Tuesday, May 11, 2010

Parlez-Vous Francais?

My usual answer to that question is "un peu" with a rye smile. However I have just finished my third week at night school studying Conversational French and instead of increasing my confidence, it is just bamboozling me with rules! I think I knew these rules once but have forgotten more than I remember for sure!

I did study French at school and at college - I did a Bi-Lingual Secretarial course - how quaint! is there even such an animal these days? But I did very well, passed my oral exam with flying colours.

Then when we moved to Canada in 1990, and as immigrants to Quebec, we were entitled to free French Immersion classes, and I attended four mornings a week for several months. It was great, I actually started to think in French. Our older two children were 9 and 7 yrs at the time and entered the Accueil programme. The teacher told us she would never speak to them in English, and after a month they would have to sit in a chair when they spoke English so that they could distinguish the difference, to them it was just communicating - how wonderful.

Within months, my daughter in particular was attending regular French school, doing all her classes in French and to this day, she can speak and read quite fluently. Our son didn't take to it quite so well so at the first opportunity he entered the English system, but even he (now living and working in France) has found that it has all come back.

My brain cells, however, are much older and out of practice and I am feeling even more bogged down with the rules and cannot wait for the day when I too can enter the "immersion" programme, i.e. living in France.

I had been fairly happy with my levels of communication, I mean we get by, in fact all my conversations with the carpenter who made the staircase were in French, he doesn't speak any English, and I am sure you will agree from the results, I made myself understood.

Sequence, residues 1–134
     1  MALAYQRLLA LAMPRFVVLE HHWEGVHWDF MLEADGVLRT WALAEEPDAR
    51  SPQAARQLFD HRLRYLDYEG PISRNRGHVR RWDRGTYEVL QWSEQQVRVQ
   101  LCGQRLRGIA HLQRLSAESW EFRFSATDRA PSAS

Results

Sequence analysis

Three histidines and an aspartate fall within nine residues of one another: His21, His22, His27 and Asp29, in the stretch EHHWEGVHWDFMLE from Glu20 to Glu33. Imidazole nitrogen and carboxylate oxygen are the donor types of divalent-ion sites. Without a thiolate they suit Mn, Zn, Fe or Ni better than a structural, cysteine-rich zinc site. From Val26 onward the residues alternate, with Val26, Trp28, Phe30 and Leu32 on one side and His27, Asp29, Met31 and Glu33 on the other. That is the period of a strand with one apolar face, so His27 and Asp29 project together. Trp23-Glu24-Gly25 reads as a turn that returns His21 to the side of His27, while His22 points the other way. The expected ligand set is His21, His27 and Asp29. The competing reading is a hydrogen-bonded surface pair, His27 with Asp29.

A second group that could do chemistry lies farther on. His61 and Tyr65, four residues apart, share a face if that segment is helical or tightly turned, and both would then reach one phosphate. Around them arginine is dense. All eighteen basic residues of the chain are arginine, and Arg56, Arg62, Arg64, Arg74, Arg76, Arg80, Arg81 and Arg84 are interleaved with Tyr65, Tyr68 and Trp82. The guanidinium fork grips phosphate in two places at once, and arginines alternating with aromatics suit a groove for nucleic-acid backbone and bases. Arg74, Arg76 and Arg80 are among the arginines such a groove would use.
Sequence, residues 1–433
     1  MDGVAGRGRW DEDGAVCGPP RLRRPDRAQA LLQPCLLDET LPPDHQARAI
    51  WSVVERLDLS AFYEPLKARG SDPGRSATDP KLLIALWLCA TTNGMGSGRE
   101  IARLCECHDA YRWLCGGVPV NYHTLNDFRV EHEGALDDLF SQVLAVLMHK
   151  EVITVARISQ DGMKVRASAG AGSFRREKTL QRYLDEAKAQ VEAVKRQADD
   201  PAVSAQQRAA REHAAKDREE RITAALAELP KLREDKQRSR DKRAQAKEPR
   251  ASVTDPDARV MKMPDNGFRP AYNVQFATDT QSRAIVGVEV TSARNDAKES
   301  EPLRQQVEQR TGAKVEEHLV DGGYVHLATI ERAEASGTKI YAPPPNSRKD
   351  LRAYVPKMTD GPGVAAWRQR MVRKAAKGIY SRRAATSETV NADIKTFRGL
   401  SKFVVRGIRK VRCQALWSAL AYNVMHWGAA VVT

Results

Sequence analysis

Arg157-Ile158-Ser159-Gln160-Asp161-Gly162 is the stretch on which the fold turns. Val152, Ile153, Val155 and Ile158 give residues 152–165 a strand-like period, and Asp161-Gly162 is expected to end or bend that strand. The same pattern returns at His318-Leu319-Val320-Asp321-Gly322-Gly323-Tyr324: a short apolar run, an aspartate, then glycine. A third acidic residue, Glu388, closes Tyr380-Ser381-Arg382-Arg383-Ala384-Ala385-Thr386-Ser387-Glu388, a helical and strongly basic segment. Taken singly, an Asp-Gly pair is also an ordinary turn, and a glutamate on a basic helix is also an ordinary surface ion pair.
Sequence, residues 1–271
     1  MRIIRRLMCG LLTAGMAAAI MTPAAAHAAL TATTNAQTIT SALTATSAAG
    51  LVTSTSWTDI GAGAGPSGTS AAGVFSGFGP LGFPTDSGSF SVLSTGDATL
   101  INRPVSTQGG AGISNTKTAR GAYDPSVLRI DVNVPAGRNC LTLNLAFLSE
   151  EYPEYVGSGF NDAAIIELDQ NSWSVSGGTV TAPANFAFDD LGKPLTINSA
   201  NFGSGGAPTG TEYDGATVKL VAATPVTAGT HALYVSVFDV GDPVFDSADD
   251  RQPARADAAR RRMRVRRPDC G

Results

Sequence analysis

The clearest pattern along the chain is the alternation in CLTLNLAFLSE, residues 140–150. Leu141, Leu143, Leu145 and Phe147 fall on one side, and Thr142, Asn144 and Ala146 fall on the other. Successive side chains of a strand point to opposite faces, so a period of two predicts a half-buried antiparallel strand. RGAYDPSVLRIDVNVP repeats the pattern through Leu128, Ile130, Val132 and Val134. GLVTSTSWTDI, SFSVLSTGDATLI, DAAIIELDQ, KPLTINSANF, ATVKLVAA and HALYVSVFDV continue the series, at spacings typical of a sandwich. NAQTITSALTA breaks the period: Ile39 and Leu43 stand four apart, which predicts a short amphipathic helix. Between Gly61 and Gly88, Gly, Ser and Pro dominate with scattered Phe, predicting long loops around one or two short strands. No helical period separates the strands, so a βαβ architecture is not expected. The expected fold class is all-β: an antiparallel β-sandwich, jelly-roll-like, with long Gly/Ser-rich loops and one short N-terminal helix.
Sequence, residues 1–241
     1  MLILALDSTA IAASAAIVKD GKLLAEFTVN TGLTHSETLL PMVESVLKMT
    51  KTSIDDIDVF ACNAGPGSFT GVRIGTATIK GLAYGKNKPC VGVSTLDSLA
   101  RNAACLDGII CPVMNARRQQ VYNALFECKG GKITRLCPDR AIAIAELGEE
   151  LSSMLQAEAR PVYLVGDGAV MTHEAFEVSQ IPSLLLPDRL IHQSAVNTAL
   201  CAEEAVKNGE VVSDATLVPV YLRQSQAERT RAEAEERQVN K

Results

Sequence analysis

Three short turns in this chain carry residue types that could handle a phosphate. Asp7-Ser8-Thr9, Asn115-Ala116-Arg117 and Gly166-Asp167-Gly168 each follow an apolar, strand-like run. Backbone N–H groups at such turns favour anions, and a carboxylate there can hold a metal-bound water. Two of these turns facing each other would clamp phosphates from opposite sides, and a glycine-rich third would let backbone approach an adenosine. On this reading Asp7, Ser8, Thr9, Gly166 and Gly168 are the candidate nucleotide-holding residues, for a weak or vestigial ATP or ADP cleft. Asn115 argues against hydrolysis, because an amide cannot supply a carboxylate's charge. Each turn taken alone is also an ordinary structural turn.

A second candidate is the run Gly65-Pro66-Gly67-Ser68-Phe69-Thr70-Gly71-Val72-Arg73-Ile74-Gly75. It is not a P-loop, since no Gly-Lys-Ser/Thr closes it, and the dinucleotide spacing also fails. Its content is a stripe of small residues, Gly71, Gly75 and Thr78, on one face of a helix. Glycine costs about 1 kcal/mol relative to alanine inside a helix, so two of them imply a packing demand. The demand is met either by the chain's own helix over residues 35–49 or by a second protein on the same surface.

But on Tuesday evenings, after three hours of French nightschool, fluency seems a long way off.
Did I mention my mum and her significant other were here from the UK last week? They got delayed a day by the volcanic ash but are now back home safely. Here is a picture of Great Grandma and Great Granddaughter - 71 years between them. Annika is now nine months old and has her first tooth. She is crawling but prefers to have you hold her hands while she toddles around - quite a tyrant, but adorable.


Maggie May said...

First of all...... great grandma is amazing! She doesn't look old enough to be a great....... But she is looking great!
Little Annika is a beauty!

I had always thought that you must be fluent in French.
Glad that you can be easily understood.
Things seem to be coming along well.
Maggie X

Nuts in May

softinthehead said...

Thanks Maggie - yes I wish I was fluent, I am in my dreams :)

Word ver. molobles - that sums it up!!

amy said...

Wow, your mother looks fantastic (and the baby is a doll).
Don't worry, you will make progress in French in no time once you are immersed in it. I felt (and still do, often) such frustration but it all clicks over time...

Nora said...

You'll do fine once you live there. You'll be speaking French well in no time. Lovely photo!

Steven said...

Very Cute. You might like this: http://www.iCaughtTheToothFairy.com. It's free with this code: "fairy-proof"

Non Je Ne Regrette Rien said...

bjr...yes, it can all seem overwhelming and frustrating at times and in the beginning, all those rules are daunting. I think paying more attention to sounds, intonation, accents helps from the start. Getting the main verbs down and then on to the little words. Whenever you can (in France or elsewhere) try to listen to French ... people talking, tv, music ... to further immerse yourself.

I've been in France nearly 2 years, arriving only with vacation menu French really, and still work daily to get my language in line. I've made French friends who willingly nudge and correct along the way. I avoid English as much as I can, except for the computer....

Courage! don't give up, you are always learning and absorbing more than you think. and then come the days when great bits fall in place and you speak or understand more than you ever thought you could ... xx